The overall profile for both respondent groups was very similar, therefore only respondents with communication support needs are shown in Figure 4 below. The largest proportion came from Greater Glasgow and Clyde NHS Board (19%), with the smallest from Orkney NHS Board (<1%). The variation across NHS Boards probably reflects a combination of population and AHP distribution across Scotland, as well as local AHP interest in the survey. As discussed earlier, full data for all boards was not available for this analysis. The full breakdown of available data from Boards and Partnerships is shown in Appendix 3.

Figure 4: Survey respondents with communication support needs: percentage breakdown by NHS Boards

Figure 4: Survey respondents with communication support needs: percentage breakdown by NHS Boards

7.3 Urban-Rural Classification

Urban-rural data was available for 33% (n=960) of respondents with and 34% (n=3529) of respondents without communication support needs.

Respondents were categorised using the Scottish Government's 6-fold Urban Rural Classification, which classifies local areas according to their population density and accessibility.

Of the respondents with communication support needs, 71% live in 'large urban areas' or 'other urban areas', and 16% live in 'accessible rural' or 'remote rural' areas. Their profile is very similar to people without communication support needs, and to the equivalent population of Scotland (age 18+) using the most recent population estimates (National Records of Scotland, 2018b), as shown in Figure 5 below.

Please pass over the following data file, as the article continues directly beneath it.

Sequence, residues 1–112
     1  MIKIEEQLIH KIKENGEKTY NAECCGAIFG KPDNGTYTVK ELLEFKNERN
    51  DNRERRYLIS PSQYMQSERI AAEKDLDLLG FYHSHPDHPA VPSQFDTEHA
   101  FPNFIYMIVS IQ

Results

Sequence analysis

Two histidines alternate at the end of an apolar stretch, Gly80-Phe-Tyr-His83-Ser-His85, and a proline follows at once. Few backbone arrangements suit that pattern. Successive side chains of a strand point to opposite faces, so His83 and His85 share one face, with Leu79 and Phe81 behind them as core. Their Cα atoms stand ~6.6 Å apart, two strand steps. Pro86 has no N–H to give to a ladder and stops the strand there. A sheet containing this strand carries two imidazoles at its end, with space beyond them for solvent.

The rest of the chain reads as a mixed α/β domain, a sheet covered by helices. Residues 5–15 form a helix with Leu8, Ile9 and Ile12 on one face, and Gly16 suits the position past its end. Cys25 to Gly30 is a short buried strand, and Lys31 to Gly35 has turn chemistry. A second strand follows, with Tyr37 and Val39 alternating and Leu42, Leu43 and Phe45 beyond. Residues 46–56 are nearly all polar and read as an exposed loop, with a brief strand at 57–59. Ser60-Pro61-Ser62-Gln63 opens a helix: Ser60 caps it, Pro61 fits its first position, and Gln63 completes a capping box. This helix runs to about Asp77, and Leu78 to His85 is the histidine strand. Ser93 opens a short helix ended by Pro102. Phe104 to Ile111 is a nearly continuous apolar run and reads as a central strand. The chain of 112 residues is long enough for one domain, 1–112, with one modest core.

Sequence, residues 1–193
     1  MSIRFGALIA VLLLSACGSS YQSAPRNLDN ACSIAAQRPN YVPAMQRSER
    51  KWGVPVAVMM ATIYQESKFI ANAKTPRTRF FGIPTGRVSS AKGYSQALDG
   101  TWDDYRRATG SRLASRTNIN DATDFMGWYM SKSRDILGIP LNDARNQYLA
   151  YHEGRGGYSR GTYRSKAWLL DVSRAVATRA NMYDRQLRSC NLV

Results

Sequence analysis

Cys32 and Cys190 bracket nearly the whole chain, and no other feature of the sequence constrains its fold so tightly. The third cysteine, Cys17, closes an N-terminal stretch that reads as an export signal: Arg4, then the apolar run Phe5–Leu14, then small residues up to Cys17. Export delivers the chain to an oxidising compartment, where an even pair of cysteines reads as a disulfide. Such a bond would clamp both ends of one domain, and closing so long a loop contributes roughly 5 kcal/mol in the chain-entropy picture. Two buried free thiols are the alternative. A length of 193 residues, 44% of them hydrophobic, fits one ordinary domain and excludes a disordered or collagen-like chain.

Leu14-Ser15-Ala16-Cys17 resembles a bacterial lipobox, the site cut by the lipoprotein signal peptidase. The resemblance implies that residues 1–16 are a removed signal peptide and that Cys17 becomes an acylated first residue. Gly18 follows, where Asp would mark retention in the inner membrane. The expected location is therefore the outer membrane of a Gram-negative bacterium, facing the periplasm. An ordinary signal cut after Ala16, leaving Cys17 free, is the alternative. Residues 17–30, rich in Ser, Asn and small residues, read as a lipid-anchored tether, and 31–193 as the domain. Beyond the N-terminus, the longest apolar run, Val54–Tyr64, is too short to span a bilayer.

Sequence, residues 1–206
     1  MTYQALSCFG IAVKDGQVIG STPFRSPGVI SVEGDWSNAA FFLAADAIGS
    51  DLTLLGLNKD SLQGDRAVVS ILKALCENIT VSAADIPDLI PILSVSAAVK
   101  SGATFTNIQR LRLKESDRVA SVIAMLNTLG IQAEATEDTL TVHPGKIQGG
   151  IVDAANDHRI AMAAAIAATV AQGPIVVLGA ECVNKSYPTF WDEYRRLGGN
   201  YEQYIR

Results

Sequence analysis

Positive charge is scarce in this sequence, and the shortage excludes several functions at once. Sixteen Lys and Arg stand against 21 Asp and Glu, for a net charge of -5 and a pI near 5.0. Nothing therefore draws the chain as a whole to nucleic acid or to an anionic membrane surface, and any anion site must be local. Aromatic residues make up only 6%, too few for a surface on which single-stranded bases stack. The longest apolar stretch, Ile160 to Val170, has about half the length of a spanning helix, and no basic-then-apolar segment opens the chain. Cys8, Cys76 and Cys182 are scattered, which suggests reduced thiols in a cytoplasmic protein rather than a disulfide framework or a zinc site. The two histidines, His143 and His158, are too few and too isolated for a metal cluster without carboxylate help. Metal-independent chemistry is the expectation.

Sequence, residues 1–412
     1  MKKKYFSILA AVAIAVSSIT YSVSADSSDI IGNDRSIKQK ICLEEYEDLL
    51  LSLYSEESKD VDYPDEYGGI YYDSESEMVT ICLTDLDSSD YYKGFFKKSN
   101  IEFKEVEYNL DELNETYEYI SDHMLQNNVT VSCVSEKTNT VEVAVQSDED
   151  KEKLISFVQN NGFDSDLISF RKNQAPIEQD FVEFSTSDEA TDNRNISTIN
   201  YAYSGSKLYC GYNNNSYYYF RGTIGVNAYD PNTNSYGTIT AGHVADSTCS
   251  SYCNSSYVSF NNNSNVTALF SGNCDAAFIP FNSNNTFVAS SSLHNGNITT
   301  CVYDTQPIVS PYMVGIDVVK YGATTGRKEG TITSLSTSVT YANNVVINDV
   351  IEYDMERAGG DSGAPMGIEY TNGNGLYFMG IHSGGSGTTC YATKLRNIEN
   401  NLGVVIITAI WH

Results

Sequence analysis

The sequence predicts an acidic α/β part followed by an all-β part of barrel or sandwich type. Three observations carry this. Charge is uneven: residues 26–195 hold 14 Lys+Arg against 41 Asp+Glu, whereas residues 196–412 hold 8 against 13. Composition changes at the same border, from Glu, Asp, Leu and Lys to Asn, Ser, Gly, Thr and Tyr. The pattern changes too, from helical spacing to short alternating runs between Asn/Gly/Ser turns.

Figure 5: Survey respondents with and without communication support needs: by urban-rural classification and compared with the Scotland population.

Figure 5: Survey respondents with and without communication support needs: by urban-rural classification and compared with the Scotland population.

7.4 Scottish Index of Multiple Deprivation (SIMD)

The Scottish Index of Multiple Deprivation (SIMD) is an area-based, relative measure of deprivation across Scotland, which combines seven measures of deprivation into a single index (Scottish Government, 2016). Scotland is split into 6,976 small areas called 'data zones', with roughly equal populations, which are ranked on this combined index, with 1 being 'most deprived' and 6976 being 'least deprived'. These areas can also be divided into deciles, with decile 1 comprising the 10% most deprived and decile 10 comprising the 10% least deprived small areas in Scotland.

As with urban-rural data, SIMD data was available for 33% (n=960) of respondents with communication support needs and 34% (n=3529) of those without.

Respondents with and without communication support needs had relatively similar SIMD profiles, and were distributed relatively evenly across the SIMD deciles, as shown in Figure 6 below. For this purpose it is assumed that approximately 10% of the Scottish population lives in each decile, so that comparison is not shown in this chart.

Figure 6: Survey respondents with and without communication support needs: by SIMD decile Figure 6: Survey respondents with and without communication support needs: by SIMD decile

Figure 6: Survey respondents with and without communication support needs: by SIMD decile


Contact

Email: debbie.sagar@gov.scot